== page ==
A newly conducted DNA study has concluded that the oldest human skeleton found in São Paulo, Brazil, Luzio, can be traced back to the original settlers of the Americas around 16,000 years ago. This group of individuals eventually gave rise to the present-day Indigenous Tupi people.
This article presents an explanation for the disappearance of the oldest inhabitants of the Brazilian coastal region who constructed the renowned “sambaquis,” which are substantial piles of shells and fishbones utilized as dwellings, burial sites, and markers of land boundaries. Archaeologists frequently label these heaps as shell mounds or kitchen middens. The research is based on the most extensive set of Brazilian archaeological genomic data.
Andre Menezes Strauss, an archaeologist for MAE-USP and leader of the research, commented that the Atlantic coast sambaqui builders were the most densely populated human group in pre-colonial South America after the Andean civilizations. For thousands and years, they were deemed ‘kings of the coast’, until they suddenly disappeared roughly 2,000 years ago.
The genomes of 34 fossils, at least 10,000 years old, from four areas of the Brazilian coast were thoroughly examined by the authors. These fossils were taken from eight sites: Cabeçuda, Capelinha, Cubatao, Limao, Jabuticabeira II, Palmeiras Xingu, Pedra do Alexandre, and Vau Una, which included sambaquis.
Led by Levy Figuti, a professor at MAE-USP, a group found the oldest skeleton in Sao Paulo, Luzio, in the Capelinha river midden of the Ribeira de Iguape valley. Its skull was similar to Luzia, the oldest human fossil found in South America thus far, which is estimated to be about 13,000 years old. Initially, the researchers speculated that it was from a different population than the present-day Amerindians, who populated Brazil around 14,000 years ago, but it was later proven to be false.
The results of the genetic analysis of Luzio established that he was an Amerindian, like the Tupi, Quechua, or Cherokee. This does not imply that they are completely identical, yet from a worldwide viewpoint, they all stem from a single wave of migration that reached the Americas no more than 16,000 years ago. Strauss stated that if there was another populace in the region 30,000 years ago, it did not leave any descendants among these groups.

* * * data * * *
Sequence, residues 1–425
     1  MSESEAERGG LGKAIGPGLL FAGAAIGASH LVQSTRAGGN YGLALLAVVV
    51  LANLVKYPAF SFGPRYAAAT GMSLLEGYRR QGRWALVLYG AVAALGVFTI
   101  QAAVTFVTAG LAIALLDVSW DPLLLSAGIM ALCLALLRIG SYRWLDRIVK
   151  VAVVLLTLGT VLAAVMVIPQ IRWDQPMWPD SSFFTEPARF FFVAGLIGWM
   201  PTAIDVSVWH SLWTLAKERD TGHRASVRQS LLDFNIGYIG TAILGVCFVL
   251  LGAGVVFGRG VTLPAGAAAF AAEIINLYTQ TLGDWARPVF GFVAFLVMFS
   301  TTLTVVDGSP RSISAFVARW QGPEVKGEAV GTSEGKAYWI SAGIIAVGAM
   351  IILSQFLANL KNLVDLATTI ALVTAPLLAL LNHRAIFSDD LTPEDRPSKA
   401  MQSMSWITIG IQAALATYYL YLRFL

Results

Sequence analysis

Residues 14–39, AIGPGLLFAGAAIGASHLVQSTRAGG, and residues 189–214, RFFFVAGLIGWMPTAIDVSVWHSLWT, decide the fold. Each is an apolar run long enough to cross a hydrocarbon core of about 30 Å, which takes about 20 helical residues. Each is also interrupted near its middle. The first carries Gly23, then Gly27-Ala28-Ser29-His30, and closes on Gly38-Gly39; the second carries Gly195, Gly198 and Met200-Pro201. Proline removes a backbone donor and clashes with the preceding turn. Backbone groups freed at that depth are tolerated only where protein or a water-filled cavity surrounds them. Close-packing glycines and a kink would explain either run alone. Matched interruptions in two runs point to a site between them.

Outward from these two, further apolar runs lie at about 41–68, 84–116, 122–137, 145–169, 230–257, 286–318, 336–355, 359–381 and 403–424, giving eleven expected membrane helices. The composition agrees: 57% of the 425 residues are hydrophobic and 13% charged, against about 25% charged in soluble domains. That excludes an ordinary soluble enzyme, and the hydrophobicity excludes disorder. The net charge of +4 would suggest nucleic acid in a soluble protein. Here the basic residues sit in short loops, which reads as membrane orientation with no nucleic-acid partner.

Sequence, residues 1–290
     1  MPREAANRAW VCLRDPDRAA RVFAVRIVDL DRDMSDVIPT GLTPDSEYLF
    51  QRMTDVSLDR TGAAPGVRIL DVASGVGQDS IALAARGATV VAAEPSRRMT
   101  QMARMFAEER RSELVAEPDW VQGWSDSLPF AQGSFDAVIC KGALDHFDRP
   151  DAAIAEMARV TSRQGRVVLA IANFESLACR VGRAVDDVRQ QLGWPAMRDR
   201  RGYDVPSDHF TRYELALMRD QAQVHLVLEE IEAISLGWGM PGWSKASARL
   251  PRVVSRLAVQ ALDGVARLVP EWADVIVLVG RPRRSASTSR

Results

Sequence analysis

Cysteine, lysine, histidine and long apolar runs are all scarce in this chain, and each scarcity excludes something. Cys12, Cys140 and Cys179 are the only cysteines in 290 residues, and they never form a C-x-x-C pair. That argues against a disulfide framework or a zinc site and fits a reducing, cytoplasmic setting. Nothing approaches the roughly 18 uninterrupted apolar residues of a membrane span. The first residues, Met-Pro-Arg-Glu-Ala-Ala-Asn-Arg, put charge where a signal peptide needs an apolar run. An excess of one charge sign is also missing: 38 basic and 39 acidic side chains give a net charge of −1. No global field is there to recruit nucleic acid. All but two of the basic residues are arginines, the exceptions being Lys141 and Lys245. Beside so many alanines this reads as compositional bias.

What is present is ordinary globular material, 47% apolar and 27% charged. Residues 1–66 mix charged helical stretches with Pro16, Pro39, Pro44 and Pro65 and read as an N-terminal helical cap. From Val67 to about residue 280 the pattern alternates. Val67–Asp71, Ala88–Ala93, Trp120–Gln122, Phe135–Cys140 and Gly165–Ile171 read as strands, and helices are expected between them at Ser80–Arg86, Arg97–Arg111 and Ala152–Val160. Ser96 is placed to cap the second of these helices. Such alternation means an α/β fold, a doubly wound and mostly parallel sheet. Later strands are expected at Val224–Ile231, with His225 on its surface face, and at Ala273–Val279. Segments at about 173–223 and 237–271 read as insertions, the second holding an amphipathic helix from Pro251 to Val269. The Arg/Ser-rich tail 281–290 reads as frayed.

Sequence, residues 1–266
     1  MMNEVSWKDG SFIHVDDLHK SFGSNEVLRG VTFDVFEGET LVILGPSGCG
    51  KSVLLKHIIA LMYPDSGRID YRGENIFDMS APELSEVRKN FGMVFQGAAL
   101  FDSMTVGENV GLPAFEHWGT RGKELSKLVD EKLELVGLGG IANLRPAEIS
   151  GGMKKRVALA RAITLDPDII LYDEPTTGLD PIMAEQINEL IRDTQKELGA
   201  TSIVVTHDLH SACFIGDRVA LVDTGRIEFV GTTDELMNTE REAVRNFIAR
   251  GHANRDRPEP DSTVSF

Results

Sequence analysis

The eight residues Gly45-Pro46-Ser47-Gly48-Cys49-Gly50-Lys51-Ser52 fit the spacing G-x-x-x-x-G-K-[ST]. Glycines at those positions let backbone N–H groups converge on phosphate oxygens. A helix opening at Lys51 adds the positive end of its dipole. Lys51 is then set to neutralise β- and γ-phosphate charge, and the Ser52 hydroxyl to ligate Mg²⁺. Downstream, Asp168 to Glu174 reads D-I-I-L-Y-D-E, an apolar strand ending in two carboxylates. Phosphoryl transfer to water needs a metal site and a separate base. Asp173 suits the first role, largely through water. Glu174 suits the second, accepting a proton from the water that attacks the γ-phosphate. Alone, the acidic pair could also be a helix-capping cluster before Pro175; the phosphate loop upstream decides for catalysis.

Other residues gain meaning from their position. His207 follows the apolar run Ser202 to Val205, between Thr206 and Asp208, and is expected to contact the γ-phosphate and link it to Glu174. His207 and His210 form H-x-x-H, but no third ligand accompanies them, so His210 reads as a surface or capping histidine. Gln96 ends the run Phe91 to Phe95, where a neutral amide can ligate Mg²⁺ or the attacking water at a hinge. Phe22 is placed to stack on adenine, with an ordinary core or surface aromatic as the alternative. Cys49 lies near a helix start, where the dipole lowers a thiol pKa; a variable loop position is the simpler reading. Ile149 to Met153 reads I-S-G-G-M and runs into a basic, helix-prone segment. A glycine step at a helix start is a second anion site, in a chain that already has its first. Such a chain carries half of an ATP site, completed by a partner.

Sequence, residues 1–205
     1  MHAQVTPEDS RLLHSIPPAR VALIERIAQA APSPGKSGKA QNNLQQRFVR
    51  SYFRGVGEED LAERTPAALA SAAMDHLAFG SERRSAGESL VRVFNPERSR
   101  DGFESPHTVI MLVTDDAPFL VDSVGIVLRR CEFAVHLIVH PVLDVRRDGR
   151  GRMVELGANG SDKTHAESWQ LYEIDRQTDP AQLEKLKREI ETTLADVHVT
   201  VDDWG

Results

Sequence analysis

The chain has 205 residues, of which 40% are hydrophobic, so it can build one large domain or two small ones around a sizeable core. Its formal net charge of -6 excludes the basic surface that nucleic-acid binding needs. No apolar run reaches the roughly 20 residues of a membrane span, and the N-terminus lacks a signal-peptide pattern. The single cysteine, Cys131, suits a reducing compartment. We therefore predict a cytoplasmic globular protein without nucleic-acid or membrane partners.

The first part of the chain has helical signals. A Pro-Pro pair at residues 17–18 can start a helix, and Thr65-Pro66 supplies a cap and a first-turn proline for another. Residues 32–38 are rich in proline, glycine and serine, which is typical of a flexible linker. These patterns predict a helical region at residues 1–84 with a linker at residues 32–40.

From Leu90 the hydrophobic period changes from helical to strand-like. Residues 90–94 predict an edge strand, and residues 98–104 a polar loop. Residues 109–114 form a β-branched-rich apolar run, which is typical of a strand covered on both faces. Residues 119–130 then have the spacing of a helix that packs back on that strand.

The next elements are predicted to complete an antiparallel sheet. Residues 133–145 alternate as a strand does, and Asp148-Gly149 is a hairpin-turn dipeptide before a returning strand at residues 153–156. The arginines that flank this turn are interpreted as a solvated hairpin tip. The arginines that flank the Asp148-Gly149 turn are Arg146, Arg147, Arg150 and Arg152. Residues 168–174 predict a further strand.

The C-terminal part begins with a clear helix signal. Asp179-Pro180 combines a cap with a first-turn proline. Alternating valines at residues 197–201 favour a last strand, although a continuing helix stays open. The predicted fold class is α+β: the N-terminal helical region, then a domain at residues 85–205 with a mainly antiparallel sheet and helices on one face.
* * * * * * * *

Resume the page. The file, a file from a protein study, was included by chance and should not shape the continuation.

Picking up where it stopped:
Luzio’s DNA provided insight into another query. River middens are dissimilar from coastal ones, so the discovery cannot be assumed to be a forebear of the grand classical sambaquis that appeared later. This revelation indicates that there were two separate migrations – into the inland and alongside the coast.
What became of the creators of the sambaqui? The examination of the genetic data revealed dissimilar populations with shared cultural elements but considerable biological distinctions, particularly between the inhabitants of the coastal regions of the southeast and south.
Strauss noted that research on cranial morphology in the 2000s already suggested a subtle discrepancy between these communities, which was backed up by the genetic analysis. It was found that a number of coastal populations weren’t isolated, but regularly had gene exchange with inland groups. This process must have been taking place over thousands of years and is thought to have resulted in the regional variations of sambaquis.
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When investigating the mysterious disappearance of this seaside community, which was comprised of the first hunters and gatherers of the Holocene, the DNA samples analyzed demonstrated that, as opposed to the European Neolithic practice of switching out entire populations, what occurred in this region was a change in customs, involving a decrease in the building of shell middens and the addition of pottery by sambaqui builders. For instance, the genetic material found at Galheta IV (located in Santa Catarina state) – the most striking site from this period – did not contain shells, but rather ceramics, and is comparable to the classic sambaquis in this regard.
Strauss remarked that the results of a 2014 study on pottery shards from sambaquis were in agreement with the notion that the pots were used to cook fish, rather than domesticated vegetables. He highlighted how the inhabitants of the area had adopted a technique from the inland to process their customary food.
The study was originally published in the journal Nature on July 31, 2023.